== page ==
Praying and waiting – always a good thing
I was there continuing to wait and I was praying the Jesus prayer. In that moment of deep intimacy with the Lord, I got the image of the women back in the waiting room as I prayed. I embraced that moment where there was great empathy and sympathy for all those women, who were there waiting, all on their own, and meanwhile I have my wife there waiting for me. My eyes flooded with tears as I thought of all the emotions they must be going through as they get mammograms and ultrasound examinations, and the thoughts of what they may be facing. I ached for them as they awaited their turn. I prayed for each one of them. I did not know their names and that is not important. God knows them quite well and was with them just as He was with me. He has their situation covered just as He has my situation covered. So lying there, waiting, I just prayed God’s peace to be upon them and to lift off any cares or anxieties, and that these tests would prove to be negative for them, and that God’s grace would be poured out upon them, and their families and loved ones, as well as the radiology team. Tears streamed down my cheeks. I smiled. I felt good. I also felt a kindred connection with women like I have never felt before.
Staying at peace even within the illusion of being in control
So here I was in the room, waiting for the radiologist to come in and do the ultrasound guided biopsy. She was a pleasant person, and a real professional and a compassionate edge, which was nice. She explained what she would do and did it. Now one complaint that I have heard from many people, is that when it comes to giving a local anesthetic, both the ER and Radiology departments seem to not wait very long for the freezing to take place. My experience with the initial surgeon was great. I felt the numbness and he waited about ten minutes for it to take effect. This physician waited seconds. It was not even 20 seconds. It shocked me. I consciously chose to seize the moment, and embrace it for what it was and not let it bother me. I chose peace over anxiety. I prayed and my peace returned to me. I got the freezing in three areas. They froze an area where a lymph node was as they wanted tissue from there. They also found the abscess and took two samples from there. I don’t know if you have ever felt the impact, just the physical bang of an industrial stapler, but that is exactly what this thud felt like each time they took a sample. It was the weirdest experience. They talked to me to assist in keeping me calm, but I was already calm. Jesus was with me the whole time. We all live with the illusion that we somehow have control over our circumstances, our lives, the lives of others, but it is all an illusion, and you can really stay at peace by embracing the moment, and letting go of expectations and just taking it all in with a quiet and still heart. The anxieties and tensions will pass. Live in the moment. Let go of the illusion of control.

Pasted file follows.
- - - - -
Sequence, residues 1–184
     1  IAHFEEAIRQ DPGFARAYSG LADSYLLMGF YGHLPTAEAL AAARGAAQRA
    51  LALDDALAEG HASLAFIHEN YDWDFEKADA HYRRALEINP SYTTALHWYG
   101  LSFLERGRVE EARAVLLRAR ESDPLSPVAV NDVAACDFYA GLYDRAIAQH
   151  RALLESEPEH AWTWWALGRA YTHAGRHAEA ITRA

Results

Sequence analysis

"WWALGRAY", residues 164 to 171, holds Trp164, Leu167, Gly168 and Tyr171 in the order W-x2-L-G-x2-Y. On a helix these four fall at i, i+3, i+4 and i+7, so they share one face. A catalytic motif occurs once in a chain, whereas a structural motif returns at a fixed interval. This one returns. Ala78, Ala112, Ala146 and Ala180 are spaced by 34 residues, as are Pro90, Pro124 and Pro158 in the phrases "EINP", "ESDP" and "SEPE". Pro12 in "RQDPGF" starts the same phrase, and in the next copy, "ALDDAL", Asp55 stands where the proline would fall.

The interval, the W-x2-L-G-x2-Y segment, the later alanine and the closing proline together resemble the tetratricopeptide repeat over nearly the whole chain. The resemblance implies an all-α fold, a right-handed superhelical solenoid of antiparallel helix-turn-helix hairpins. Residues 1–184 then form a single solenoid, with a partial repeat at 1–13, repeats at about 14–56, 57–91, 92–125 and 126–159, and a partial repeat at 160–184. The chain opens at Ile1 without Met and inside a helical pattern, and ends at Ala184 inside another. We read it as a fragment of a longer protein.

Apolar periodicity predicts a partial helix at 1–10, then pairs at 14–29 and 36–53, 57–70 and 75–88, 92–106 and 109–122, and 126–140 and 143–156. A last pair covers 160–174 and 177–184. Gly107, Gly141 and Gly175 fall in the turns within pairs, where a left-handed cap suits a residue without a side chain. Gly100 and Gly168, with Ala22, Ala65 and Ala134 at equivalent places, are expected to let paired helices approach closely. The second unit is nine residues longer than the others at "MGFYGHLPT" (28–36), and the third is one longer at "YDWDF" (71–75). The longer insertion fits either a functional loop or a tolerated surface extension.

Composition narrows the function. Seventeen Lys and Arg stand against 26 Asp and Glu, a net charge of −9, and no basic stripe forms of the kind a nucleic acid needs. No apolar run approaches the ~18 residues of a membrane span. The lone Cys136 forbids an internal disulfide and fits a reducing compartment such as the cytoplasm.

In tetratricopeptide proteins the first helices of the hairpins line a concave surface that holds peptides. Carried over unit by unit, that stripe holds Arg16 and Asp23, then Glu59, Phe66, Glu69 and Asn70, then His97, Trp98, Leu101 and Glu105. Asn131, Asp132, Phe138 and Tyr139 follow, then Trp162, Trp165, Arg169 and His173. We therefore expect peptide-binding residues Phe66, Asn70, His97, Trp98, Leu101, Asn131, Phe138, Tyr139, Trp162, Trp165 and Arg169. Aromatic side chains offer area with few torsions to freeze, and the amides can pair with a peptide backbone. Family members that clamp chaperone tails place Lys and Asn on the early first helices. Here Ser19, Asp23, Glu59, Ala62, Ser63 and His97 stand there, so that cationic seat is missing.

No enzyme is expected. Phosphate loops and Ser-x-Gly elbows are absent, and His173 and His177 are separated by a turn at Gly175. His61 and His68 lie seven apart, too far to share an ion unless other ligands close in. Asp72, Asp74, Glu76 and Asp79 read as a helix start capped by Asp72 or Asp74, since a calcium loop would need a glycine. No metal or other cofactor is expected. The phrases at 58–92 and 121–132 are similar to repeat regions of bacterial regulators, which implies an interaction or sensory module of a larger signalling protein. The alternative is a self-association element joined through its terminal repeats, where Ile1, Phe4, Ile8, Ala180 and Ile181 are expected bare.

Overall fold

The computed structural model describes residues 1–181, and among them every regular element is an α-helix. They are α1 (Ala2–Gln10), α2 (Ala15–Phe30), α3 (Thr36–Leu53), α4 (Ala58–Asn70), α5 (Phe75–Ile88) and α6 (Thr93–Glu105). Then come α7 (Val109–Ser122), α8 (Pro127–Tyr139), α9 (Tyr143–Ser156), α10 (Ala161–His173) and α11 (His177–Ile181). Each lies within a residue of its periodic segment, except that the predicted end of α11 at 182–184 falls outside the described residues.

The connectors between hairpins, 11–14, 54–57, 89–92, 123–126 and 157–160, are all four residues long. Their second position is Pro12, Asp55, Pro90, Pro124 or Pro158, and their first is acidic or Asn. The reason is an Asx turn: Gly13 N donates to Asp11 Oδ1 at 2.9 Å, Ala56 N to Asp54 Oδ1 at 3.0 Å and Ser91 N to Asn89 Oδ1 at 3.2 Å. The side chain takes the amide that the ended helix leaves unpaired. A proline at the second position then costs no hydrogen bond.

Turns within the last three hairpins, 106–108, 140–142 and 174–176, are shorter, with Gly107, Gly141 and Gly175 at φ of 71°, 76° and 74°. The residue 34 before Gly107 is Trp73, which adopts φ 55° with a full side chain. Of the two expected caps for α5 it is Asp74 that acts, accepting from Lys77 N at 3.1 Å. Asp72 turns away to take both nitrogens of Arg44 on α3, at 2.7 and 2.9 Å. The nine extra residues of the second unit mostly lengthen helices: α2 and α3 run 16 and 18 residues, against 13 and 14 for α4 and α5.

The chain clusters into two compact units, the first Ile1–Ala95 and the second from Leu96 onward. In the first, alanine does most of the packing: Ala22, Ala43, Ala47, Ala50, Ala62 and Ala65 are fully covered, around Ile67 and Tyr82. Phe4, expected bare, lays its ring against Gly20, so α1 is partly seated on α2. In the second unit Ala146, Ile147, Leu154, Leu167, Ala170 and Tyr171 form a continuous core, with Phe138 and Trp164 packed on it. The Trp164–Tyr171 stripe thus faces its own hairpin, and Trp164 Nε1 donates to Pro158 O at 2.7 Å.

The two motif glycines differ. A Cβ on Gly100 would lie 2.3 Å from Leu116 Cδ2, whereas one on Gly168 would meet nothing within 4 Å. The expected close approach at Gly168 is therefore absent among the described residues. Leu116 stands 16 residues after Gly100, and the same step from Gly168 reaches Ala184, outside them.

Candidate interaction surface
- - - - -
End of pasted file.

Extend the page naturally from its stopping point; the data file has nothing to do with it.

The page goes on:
Looking to God and trusting the health care professionals
I chose to look away, but also to remain in the moment, as I really did not want to see what was going on. I am the same way when it comes to blood. Other people bleeding all over the place is OK. I am not queasy over that, but when it is mine, I get light headed and want to puke. So I had turned my head to the left and listened to the physician and technician as they spoke to me, and under my breath, the whole time I was praying the Jesus prayer. I had God’s peace the whole time. It was quite amazing.
The technician and radiologist advised me it would be five days and to contact the surgeon to book an appointment to see him about the results. They were kind and very professional and I felt I was in good competent hands. I did not go looking for this experience but I found God to be very present with me in this experience. I also believe that God was very present with all the women who were there and who go there every day facing what I faced that day. My heart and my prayers go out to the women who have to face this kind of thing.
In all I was in that room for just under an hour. The nurse patched up my dressing and Lori and I left and Lori drove me to the CCAC clinic to get a new dressing change for the day. I was feeling pain from the procedure so Lori went and picked up more Advil for the pain. I got the dressing change and Lori and went for a bite to eat at Tim Hortons. We had not eaten at Tim’s in a long time. But it was good just to go and sit and chill and relax, look into Lori’s eyes and hold her hand. To seize the moment, and to love and be loved, there is nothing like it.
Embracing all of life, each moment
Lori and I then went to Conestoga Mall to activate our new smart phones. This is our first experience with smart phones, and it is not an iPhone, must to the shock of my friends who know me as a Mac and Apple addict and junkie. No it is an Android and I love the phone. It does the job I need quite well. So we got a plan with Koodo and we are happy with it. We left the mall and went over to see our daughter Erinn and her husband Alex. They got a new dog, Harley, a mix Lab and Golden Retriever. He is a lovely dog. He and I struck a good relationship right way. Mind you Harley struck a good relationship with everyone. So I guess it does not make me that special. But it was nice to see my loved ones come together and connect. I seized that moment too. How precious it is to seize these moments and make them count and see God in them.
Increasing our awareness of God and of others in the moments of life